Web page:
Are energy efficient homes more valuable for resale in Connecticut?

autumn energy efficient windows

While going green is good for the environment, it can also be good for a homeowner’s wallet – energy efficient homes is the #1  home improvement  that is appealing to to all homebuyers.

More than 80 percent of homebuyers said they would pay more for home features that saved energy and trimmed utility bills, according to a recent survey by the National Association of Home Builders.

That piece of information can be valuable to home sellers who are looking to get the value for their home this fall. Home improvements that also reduce utility bills – such as skylights and energy-efficient heating, ventilation and cooling systems – may be the investments that ensure a seller’s home will get top dollar and multiple offers.

If you are interested in making cost cutting, energy-efficient improvements a selling point for your home this fall, you can achieve the benefit with basic, moderate or impressive improvements. What you choose to do will depend on your budget, time frame and the perceived benefit in terms of a speedy sale. Here are a few energy efficiency tips to help you cut down on your utility bills:

Replace Your Windows with Energy Efficient Windows

Your CT windows will have a major effect on how much you pay for energy in the winter and summer months. Vinyl replacement windows are one of the most energy efficient options available: these types of windows are extremely effective insulators for your home, due in part to the windows low U-factor.

Basically, a U-factor score measures the heat loss or gain through a material, so the lower the value, the greater the window’s resistance is to heat flow and the higher its insulation. Also, vinyl windows are recyclable so eventually, when you replace them, they can be reused to make new resources for other homeowners. Vinyl replacement windows easily meet all of Energy Star’s eco-friendly criteria, which qualify you for federal tax credits, a great benefit for any homeowner.

As a CT homeowner, your home is a big investment and an important part of your life. Replacing old mismatched or drab windows can vastly improve the look of your home and the value of your investment. Even if you are not planning on selling your home in the near future, replacement windows make you the envy of the neighborhood and increase the comfort level within your home.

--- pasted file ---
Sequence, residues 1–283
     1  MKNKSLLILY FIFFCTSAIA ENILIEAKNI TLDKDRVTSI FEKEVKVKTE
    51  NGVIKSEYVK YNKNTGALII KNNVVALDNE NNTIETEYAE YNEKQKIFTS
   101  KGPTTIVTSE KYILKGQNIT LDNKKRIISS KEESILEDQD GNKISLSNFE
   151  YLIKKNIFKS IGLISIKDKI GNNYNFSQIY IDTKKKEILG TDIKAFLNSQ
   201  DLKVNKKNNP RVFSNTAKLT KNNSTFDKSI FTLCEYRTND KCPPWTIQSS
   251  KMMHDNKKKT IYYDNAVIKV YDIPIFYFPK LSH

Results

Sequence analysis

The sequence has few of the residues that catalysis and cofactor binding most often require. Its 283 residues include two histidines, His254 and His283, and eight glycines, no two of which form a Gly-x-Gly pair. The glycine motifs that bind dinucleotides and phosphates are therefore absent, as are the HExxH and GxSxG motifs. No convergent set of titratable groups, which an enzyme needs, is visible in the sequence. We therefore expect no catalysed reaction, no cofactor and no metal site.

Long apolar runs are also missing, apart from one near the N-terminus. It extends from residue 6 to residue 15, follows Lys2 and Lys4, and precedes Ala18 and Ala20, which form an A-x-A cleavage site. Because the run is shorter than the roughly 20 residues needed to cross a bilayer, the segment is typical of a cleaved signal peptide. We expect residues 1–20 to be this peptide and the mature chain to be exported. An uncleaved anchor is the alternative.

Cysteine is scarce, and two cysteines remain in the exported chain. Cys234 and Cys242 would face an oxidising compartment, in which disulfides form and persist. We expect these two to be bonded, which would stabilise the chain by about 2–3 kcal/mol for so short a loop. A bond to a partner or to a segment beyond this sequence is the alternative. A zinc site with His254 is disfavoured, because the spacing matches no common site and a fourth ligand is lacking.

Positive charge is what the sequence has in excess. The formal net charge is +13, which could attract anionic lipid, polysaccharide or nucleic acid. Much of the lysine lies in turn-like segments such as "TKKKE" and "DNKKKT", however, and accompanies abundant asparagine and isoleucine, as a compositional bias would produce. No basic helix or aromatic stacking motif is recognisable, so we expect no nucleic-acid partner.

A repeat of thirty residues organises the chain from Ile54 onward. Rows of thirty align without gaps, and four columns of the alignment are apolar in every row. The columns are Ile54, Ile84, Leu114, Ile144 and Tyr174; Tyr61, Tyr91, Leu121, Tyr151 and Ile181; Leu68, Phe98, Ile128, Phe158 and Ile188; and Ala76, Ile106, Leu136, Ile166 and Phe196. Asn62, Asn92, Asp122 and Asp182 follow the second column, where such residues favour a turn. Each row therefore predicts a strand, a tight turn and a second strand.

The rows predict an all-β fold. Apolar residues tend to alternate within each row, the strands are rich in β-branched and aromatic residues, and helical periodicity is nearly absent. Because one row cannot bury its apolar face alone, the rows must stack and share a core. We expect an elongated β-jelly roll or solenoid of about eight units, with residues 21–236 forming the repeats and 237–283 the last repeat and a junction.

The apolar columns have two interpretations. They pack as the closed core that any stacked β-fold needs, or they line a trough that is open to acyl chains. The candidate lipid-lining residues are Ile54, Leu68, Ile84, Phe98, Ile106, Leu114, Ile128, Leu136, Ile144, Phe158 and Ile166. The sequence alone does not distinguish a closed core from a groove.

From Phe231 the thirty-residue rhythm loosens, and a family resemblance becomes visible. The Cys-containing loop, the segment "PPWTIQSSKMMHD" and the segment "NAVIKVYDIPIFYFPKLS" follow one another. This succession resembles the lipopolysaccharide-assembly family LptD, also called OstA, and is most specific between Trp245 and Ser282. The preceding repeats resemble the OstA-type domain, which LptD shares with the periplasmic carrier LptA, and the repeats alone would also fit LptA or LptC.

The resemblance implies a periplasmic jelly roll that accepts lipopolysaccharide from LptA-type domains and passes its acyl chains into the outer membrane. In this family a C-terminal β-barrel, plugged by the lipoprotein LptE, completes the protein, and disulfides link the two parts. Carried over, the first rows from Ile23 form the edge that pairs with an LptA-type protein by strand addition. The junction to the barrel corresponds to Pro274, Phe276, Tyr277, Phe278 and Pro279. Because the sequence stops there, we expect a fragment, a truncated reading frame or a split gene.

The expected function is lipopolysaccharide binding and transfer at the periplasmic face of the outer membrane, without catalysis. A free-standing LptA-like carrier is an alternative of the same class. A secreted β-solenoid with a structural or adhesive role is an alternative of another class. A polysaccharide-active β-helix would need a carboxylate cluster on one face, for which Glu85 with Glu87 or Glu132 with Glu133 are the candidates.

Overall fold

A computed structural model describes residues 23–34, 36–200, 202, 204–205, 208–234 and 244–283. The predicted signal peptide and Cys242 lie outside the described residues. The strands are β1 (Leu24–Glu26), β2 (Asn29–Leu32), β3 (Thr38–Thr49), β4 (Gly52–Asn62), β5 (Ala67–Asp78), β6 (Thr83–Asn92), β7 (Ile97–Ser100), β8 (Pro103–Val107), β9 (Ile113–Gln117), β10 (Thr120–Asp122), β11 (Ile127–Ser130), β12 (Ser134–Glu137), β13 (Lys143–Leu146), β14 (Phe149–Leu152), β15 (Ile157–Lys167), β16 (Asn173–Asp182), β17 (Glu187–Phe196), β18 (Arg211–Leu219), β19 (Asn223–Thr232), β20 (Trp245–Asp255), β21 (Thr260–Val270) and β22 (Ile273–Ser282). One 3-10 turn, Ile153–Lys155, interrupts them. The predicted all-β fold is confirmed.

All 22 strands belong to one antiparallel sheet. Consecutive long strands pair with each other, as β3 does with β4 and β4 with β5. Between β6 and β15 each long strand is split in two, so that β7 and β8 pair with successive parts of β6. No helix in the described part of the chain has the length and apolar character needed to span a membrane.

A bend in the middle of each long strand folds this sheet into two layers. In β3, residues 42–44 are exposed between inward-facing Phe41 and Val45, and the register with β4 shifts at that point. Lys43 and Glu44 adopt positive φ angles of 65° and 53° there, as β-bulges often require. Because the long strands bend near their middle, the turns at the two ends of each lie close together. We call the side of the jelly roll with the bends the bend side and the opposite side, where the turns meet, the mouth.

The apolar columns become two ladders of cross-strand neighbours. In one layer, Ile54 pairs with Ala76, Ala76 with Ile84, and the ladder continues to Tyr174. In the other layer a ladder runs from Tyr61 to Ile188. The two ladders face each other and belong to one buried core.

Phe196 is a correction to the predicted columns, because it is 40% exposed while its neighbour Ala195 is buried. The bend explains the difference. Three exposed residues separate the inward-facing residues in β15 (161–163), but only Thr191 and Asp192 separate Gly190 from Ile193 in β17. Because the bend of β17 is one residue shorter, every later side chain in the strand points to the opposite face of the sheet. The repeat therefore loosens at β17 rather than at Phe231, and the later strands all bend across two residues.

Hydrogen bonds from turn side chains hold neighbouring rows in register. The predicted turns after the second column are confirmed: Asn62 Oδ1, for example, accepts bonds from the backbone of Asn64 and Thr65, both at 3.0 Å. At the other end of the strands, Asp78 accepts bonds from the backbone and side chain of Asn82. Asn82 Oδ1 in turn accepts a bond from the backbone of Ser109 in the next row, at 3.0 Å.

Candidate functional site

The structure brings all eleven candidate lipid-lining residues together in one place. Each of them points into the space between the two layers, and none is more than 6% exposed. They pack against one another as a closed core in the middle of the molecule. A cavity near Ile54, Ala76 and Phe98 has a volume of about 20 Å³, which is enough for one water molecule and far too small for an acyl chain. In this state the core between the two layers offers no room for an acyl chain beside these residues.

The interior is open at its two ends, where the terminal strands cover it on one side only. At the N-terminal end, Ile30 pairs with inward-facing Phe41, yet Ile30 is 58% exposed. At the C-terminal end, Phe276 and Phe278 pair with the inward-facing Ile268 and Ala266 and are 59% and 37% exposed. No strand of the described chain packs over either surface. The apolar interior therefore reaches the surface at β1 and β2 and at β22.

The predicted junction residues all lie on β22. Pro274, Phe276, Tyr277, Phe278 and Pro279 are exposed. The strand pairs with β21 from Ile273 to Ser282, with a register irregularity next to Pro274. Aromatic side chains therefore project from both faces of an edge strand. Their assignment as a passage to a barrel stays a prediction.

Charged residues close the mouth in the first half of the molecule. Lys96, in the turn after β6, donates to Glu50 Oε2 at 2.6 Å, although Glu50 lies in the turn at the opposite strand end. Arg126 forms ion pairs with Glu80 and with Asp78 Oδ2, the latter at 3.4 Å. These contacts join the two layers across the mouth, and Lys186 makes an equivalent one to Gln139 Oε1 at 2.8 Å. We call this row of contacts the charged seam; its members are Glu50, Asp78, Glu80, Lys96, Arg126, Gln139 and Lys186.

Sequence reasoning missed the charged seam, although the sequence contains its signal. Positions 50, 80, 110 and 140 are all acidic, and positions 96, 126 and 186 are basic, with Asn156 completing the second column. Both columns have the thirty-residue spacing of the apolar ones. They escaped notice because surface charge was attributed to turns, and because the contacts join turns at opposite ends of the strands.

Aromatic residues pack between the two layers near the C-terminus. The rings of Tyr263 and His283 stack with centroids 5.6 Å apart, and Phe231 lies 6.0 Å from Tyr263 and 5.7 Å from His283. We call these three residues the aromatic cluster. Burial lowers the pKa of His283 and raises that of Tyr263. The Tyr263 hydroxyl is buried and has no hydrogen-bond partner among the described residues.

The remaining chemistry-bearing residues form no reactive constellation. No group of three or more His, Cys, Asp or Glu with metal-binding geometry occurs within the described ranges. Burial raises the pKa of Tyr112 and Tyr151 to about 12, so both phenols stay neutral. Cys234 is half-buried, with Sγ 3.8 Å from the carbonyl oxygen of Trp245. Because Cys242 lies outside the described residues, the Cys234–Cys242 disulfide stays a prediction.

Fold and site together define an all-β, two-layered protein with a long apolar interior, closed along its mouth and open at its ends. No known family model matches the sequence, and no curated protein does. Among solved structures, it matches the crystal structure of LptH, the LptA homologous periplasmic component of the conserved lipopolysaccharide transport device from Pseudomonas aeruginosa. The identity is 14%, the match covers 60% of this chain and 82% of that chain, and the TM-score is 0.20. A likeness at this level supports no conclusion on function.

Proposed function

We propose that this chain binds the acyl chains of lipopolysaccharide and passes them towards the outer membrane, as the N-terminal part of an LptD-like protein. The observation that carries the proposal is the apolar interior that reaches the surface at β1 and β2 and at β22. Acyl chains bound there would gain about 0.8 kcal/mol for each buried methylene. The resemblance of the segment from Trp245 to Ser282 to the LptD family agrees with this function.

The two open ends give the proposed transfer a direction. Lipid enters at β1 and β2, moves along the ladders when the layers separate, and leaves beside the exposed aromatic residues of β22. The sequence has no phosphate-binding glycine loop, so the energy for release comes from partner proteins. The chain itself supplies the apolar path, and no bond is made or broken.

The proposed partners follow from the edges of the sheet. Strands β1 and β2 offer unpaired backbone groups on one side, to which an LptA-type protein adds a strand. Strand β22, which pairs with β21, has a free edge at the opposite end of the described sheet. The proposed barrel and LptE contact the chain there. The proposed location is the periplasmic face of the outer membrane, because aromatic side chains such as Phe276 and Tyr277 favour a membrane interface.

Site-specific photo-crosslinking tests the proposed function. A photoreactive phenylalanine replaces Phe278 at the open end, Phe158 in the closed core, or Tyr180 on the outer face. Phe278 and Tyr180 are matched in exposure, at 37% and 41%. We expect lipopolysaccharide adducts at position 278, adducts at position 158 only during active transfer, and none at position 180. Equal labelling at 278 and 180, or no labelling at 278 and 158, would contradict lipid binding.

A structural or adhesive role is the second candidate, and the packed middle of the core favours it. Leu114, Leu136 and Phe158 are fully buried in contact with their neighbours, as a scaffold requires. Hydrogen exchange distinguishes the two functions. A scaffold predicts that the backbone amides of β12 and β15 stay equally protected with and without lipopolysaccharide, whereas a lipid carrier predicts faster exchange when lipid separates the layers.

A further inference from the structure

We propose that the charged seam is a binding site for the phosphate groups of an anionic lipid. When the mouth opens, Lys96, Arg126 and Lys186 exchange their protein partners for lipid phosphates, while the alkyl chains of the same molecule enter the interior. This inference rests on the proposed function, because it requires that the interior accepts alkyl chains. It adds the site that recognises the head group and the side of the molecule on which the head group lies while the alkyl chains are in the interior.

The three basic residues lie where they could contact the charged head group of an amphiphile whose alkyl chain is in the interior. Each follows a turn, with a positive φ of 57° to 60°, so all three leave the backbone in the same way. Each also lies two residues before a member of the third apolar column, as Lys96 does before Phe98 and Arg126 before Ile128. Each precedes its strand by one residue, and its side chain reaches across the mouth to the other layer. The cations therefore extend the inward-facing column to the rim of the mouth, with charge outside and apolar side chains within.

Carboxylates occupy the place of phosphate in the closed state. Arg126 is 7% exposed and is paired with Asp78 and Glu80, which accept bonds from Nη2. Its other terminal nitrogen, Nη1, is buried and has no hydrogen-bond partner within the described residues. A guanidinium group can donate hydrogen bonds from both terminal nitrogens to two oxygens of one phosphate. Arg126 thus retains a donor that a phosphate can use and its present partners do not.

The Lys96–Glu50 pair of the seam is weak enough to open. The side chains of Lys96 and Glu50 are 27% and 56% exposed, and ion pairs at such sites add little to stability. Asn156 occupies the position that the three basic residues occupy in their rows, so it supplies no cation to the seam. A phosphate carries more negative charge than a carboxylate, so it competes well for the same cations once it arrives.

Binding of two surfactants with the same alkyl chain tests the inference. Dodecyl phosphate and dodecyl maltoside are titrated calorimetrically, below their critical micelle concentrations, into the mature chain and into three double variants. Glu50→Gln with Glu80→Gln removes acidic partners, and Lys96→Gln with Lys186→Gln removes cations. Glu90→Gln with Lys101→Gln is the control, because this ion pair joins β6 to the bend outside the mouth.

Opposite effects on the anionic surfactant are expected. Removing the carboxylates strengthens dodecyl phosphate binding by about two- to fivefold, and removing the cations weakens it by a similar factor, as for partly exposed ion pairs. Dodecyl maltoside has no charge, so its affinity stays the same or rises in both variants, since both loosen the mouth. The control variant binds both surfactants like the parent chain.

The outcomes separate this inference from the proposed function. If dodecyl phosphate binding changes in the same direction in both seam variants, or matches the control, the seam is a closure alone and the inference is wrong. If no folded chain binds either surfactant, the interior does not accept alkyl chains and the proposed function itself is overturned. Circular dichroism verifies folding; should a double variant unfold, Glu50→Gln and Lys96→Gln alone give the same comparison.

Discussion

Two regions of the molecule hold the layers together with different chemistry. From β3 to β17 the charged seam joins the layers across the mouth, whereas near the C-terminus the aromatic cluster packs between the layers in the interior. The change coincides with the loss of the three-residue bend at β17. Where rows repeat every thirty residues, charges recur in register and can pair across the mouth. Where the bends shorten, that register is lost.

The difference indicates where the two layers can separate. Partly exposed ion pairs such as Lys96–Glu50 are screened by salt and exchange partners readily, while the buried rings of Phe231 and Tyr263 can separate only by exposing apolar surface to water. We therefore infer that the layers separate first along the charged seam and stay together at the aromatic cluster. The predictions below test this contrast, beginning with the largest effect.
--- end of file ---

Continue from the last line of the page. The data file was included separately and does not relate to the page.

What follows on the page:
Replace Your Entry Doors

Another way you can save money on energy bills is to replace your entry door with an energy efficient door. For example, nearly all Therma-Tru doors are Energy Star qualified and NFRC certified. Energy Star rated doors must insulate well and provide a complete seal.

Fiberglass doors insulate up to five times better than wood doors. Fiberglass entry doors do not conduct heat, which minimizes the exchange of heat between the two sides of the door, and in the winter, your door will be warm to the touch.

According to EnergyStar.gov, replacing drafty doors with energy-efficient doors that meet Energy Star requirements lowers energy bills by 7-15%. Each of our doors is sturdily constructed of durable fiberglass or steel around an insulated core, and then finished with triple-seal weather-stripping to maximize energy savings.

Upgrading or Installing a Skylight

While many energy-efficient home improvements work their magic behind the scenes, an Energy Star-qualified skylight is front-and-center – it will saving energy and adding beauty to your home. Skylights appeal to a homebuyers’ aesthetic senses and their innate passion for savings. Skylights are especially well received in kitchens and baths where they provide natural light, fresh air and privacy. A no-leak solar powered fresh-air skylight can help reduce electricity costs by providing passive ventilation and natural light.

 

Energy efficient home improvements are great for resale – very appealing to homebuyers!

The home improvement staff at J.C. Tonnotti are Energy Efficient Experts.

They sell and install ENERGY STAR products  to create energy efficient homes whether they are beautiful relatively new homes or gorgeous, old, drafty New England homes.